This story was produced in partnership with the Pulitzer Center: Photography by Hugh Kinsella Cunningham. Text by Amelia Goldsmith.
North Kivu, Democratic Republic of Congo, Dec 18 (efe-epa).- Deforestation and the unbridled exploitation of natural resources in the massively biodiverse Democratic Republic of Congo could leave humanity further exposed to the next super virus.
While the world’s attention is fixed on Covid-19, conservationists in the DRC are calling for greater environmental protection not just for conservation’s sake, but in order to minimize future outbreaks of zoonotic diseases, which abound in rich ecosystems like the Congo.
Scientists believe that mammals alone are estimated to host at least 320,000 undiscovered viruses, according to a 2013 paper by the American Society for Microbiology.
The Congo’s biodiversity has already served as the launchpad for deadly novel viruses such as HIV and Ebola, both of which — like SARS, West Nile and Covid-19 — are zoonotic in origin.
“The fact [is] that the health of the environment and the development and expansion of these terrible diseases are profoundly interlinked,” says Emmanuel de Merode, Director of Virunga National Park, in the country’s east.
“Every Ebola epidemic since the original one recorded in the mid-1970s found its origins in an area of massive deforestation.”
De Merode notes that the 2018-2020 epidemic, which claimed over 2,000 lives, failed to spread east through the National Park.
“What’s also significant about that epidemic is that whilst its origins were tied to forest destruction, the fact that it was successfully contained is tied to, as it were, a natural firewall that was created by a healthy ecosystem that buffered the expansion of that disease,” he adds.
“It was the National Park that prevented this terrible Ebola epidemic from spreading east, into eastern Africa and into major cities such as Goma.”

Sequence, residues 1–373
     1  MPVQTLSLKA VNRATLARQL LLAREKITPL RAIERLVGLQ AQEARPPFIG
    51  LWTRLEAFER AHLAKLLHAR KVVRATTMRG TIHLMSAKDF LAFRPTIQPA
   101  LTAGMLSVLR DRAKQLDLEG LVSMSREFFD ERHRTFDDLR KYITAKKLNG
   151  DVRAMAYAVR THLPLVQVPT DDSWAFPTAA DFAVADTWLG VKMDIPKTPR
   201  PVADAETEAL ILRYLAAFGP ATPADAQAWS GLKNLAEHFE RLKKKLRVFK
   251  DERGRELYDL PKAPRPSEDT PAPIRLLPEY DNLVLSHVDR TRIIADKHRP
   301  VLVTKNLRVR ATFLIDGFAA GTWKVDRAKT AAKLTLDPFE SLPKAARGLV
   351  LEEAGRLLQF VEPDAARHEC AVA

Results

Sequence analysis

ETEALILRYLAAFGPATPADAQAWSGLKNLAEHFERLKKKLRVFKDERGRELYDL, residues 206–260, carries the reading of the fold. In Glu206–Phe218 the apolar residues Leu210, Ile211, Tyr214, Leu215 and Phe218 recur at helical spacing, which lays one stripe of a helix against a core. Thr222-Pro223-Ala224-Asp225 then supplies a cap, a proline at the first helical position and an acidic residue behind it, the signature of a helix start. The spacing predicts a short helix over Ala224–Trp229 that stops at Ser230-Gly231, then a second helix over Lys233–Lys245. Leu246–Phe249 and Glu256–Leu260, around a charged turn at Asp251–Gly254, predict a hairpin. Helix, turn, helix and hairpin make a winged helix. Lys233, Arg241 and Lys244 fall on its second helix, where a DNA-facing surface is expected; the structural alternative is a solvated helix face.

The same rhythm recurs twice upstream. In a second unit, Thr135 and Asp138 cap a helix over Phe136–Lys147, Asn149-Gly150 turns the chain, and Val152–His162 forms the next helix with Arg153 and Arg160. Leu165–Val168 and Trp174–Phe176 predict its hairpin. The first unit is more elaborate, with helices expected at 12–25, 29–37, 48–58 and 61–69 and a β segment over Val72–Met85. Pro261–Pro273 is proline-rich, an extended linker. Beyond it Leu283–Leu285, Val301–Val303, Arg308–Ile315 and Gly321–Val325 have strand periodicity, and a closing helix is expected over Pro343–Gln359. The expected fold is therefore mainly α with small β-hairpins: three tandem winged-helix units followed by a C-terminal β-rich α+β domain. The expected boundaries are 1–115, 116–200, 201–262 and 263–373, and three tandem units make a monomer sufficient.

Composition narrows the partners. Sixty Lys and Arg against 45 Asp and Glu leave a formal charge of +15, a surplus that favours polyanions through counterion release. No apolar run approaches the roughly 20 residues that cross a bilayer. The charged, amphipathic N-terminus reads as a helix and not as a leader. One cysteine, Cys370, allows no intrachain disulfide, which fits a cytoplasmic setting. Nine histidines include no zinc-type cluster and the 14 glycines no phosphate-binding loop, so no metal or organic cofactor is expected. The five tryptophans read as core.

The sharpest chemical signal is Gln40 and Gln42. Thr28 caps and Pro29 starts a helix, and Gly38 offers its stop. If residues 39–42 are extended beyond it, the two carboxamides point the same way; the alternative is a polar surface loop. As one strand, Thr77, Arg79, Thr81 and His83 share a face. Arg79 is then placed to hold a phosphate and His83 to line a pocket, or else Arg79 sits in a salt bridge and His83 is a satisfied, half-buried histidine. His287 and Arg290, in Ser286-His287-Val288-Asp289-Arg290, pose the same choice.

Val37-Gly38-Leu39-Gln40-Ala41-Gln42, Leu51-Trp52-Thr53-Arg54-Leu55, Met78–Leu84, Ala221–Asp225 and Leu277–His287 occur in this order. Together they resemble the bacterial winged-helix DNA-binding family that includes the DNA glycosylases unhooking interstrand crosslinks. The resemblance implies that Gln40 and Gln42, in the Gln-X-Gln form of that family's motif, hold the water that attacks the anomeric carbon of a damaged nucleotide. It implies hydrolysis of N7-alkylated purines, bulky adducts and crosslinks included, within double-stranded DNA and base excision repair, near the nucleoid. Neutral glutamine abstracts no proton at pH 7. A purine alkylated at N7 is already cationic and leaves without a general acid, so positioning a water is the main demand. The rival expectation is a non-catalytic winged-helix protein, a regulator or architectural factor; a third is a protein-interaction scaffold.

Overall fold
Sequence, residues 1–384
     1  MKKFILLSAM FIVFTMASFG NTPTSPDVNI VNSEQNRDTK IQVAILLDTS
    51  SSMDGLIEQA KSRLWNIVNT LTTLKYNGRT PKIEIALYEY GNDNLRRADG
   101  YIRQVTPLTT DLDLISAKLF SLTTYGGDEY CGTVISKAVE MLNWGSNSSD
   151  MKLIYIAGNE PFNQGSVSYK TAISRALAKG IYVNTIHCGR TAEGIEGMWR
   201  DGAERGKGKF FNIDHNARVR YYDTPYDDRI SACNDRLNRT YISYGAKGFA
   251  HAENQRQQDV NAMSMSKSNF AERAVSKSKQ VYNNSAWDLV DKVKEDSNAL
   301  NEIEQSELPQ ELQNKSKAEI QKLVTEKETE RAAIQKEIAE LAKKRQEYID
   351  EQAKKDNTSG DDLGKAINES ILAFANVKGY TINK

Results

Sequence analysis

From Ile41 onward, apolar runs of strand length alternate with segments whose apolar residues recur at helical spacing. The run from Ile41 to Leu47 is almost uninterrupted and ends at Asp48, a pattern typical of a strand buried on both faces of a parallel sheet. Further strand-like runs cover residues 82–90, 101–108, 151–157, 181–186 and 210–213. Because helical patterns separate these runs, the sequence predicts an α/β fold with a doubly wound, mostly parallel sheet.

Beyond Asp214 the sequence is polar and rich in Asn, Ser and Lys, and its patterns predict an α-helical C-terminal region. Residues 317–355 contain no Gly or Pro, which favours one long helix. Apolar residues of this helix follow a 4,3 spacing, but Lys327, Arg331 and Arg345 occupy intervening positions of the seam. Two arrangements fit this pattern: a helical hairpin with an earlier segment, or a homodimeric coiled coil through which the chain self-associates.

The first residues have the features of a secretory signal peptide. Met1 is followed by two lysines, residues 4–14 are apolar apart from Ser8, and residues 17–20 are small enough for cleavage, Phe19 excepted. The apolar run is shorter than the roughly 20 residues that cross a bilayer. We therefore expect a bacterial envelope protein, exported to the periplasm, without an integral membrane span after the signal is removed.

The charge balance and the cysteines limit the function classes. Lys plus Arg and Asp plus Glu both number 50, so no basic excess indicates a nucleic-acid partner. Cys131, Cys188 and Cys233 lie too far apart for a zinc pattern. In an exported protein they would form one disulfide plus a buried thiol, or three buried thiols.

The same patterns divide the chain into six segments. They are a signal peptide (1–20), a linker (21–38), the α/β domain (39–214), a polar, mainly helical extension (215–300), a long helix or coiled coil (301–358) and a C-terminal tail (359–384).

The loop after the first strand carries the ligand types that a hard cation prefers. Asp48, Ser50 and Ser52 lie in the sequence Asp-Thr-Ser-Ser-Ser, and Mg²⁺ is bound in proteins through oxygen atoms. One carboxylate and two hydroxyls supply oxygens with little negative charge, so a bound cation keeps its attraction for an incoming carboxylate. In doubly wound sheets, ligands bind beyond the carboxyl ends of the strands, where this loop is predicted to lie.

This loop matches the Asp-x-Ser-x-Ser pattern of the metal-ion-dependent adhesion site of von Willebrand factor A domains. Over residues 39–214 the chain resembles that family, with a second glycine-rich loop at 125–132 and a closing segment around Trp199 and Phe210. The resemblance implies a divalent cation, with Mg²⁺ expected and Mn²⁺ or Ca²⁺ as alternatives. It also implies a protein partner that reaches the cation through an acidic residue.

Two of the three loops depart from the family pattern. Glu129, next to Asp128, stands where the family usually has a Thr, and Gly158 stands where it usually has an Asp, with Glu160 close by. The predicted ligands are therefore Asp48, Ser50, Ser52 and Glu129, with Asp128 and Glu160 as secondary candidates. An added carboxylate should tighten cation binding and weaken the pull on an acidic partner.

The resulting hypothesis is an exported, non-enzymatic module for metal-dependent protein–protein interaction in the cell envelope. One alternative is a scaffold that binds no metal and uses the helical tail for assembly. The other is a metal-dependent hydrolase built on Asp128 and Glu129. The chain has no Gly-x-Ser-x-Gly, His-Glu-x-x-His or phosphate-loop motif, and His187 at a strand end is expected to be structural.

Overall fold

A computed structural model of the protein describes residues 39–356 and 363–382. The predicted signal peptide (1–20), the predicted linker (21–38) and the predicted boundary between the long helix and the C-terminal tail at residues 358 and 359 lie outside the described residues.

Policy initiatives to strengthen conservation efforts face an uphill battle in the region, which is riddled with complex historical, social and political issues, in a nation still grappling with the wounds inflicted by Belgium’s brutal colonial rule, during which an estimated 10 million Congolese are thought to have died.
The DRC remains one of the most disenfranchised and impoverished areas of the world. Almost three-quarters of the population scrape by on less than $1.90 per day.
Faced with such economic prospects, many communities rely on bushmeat, which is believed to have provided the zoonotic bridge for Ebola.
Power vacuums and conflict, especially in the restive eastern provinces like North and South Kivu and Ituri, make it hard to keep tabs on unregulated mining and logging, which destroy natural habitats.
“Deforestation is an issue that touches on a whole number of problems in this region,” De Merode continues.
“Of course it’s an environmental concern, the destruction of National Parks, the habitats for critical species like mountain gorillas and chimpanzees and so on.”
“But it also has a very human dimension, in that there is an incredible dependency on that forest, particularly for fuelwood and charcoal.”
Militias make money from illegally logging protected forest areas, which allows them to expand and thus perpetuate suffering in the region, he adds.
Poaching and the trafficking of exotic animals are also both rife in this rich ecosystem, home to rare gorillas and pangolins — suspected to be a secondary host for Covid-19 before it spilled over into the human population.
These issues are compounded by a weak healthcare system that leaves local communities neglected and exposed.